The last step in the process is to click the “Finish & Merge” button on the “Mailings” tab.  You will see the drop down menu pictured below.  Click the “Send E-mail Messages” option to start the merge.  Now all of the recipients you picked from the contacts folder will receive an email with the invitation in the body of the message.  WARNING! Once you click “Send E-mail Messages”, the message is immediately sent!  There will be no dialog boxes asking you to click OK or anything.  So don’t click this button until you are ready for it to go.

Start the Merge

You can verify that the mailing went out by checking your “Sent Items” in Outlook.  You will notice that every contact received a single message.  This means there is no more worry about hiding people’s email in the “BCC:” field.   Problem solved!

Hopefully you will find this feature useful for your next big mailing.  Oh, by the way, don’t forget to save me a little dessert at the picnic!  ;)

Add Some Spark to Your Excel Spreadsheets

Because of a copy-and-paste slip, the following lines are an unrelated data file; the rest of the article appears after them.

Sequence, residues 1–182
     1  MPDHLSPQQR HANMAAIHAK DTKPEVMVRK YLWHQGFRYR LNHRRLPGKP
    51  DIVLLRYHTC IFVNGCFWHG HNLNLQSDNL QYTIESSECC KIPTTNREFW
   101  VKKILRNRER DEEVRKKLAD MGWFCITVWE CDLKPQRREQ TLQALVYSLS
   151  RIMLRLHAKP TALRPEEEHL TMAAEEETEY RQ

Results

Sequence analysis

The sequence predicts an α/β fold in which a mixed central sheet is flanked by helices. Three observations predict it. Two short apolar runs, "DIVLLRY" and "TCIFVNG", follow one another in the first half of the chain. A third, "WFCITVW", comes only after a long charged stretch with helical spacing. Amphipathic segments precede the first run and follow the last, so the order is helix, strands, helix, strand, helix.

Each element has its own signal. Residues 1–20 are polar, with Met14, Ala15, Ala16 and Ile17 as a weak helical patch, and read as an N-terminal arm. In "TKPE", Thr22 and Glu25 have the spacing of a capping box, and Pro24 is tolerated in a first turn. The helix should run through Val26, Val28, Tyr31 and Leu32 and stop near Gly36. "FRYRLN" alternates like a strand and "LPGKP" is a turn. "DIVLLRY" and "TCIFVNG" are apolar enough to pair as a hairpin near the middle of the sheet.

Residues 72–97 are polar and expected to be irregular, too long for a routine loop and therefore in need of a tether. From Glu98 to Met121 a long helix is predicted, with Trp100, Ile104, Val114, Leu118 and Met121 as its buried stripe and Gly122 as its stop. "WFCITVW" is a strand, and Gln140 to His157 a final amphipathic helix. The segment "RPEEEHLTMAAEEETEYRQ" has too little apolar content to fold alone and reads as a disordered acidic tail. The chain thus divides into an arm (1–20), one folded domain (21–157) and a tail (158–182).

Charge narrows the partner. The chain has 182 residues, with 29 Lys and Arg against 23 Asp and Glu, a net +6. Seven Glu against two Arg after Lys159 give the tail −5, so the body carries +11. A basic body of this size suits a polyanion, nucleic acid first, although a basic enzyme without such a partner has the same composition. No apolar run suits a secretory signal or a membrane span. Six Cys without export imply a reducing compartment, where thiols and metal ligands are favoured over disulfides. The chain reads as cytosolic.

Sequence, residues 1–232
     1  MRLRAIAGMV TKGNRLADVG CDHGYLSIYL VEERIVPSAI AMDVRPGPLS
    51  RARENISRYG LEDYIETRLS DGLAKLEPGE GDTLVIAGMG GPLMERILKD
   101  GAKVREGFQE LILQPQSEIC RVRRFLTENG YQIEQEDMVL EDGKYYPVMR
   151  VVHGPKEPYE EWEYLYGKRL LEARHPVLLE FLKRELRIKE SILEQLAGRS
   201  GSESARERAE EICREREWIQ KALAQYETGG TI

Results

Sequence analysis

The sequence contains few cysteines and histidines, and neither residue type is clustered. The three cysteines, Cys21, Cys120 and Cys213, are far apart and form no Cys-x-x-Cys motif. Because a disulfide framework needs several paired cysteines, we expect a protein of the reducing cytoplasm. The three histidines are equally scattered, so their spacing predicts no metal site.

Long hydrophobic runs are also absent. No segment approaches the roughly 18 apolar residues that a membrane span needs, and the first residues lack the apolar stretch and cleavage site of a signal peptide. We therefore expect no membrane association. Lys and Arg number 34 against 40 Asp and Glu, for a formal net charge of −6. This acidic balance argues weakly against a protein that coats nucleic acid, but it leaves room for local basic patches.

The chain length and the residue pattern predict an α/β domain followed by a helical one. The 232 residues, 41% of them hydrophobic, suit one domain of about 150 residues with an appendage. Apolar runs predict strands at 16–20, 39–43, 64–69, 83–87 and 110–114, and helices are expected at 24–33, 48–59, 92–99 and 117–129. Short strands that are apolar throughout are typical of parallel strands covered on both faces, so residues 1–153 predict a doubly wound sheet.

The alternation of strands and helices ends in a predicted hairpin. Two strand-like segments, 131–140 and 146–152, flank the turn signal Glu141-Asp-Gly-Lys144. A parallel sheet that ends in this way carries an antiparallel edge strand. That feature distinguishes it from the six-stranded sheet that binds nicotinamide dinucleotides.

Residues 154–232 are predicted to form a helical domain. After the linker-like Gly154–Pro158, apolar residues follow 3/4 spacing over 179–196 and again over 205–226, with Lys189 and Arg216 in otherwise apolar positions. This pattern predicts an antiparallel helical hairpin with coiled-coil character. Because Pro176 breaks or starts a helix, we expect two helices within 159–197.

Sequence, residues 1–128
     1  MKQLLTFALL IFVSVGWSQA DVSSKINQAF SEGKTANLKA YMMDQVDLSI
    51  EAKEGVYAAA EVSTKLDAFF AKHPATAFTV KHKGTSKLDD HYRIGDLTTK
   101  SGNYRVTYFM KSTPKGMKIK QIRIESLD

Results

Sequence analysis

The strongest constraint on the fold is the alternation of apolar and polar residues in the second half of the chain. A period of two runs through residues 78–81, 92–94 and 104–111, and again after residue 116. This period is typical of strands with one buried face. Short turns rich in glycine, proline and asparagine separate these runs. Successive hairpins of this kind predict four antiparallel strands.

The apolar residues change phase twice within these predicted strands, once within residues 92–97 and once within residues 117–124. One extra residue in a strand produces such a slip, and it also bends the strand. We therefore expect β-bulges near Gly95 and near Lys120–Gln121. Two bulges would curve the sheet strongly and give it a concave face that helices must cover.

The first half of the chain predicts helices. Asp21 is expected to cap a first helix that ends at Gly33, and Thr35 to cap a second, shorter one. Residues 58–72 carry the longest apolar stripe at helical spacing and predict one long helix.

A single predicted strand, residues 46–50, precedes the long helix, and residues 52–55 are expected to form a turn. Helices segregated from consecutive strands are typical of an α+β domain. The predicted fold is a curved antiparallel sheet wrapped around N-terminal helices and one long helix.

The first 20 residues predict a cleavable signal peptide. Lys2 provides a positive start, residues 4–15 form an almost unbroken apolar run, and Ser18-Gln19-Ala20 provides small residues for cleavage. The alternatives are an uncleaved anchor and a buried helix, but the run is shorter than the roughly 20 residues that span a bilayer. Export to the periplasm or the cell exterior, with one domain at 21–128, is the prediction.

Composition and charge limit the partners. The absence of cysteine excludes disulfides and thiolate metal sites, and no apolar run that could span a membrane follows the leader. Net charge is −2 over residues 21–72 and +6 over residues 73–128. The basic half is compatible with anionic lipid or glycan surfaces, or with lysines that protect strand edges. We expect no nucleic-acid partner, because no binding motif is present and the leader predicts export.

Creating SparklinesHave you and your spreadsheet lost the old fire?  Do you find your eyes wandering?  Rekindle that flame!  Add some “spark” to your spreadsheet using one of Microsoft Excel 2010’s coolest new features, “Sparklines”!

“Sparklines” are kind of like miniature charts that you can fit into a small area, such as a cell.  They are great for showing trends in a data series.  In the spreadsheet below, you see a series of numbers representing recordable safety violations by month.  Some people can extract what they want by looking through long rows of data like those below.  Others, however, prefer something more visual.

Insert Excel Sparklines

Notice the column labeled “Trends” in the picture above.  This is the ideal place for a “Sparkline”.  To insert a “Sparkline” here, click the cell in which you wish to place the “Sparkline”, then click the “Insert” tab on the ribbon toolbar, and click on the type of “Sparkline” you want from the “Sparkline” group.  See the picture below.

Inserting Sparklines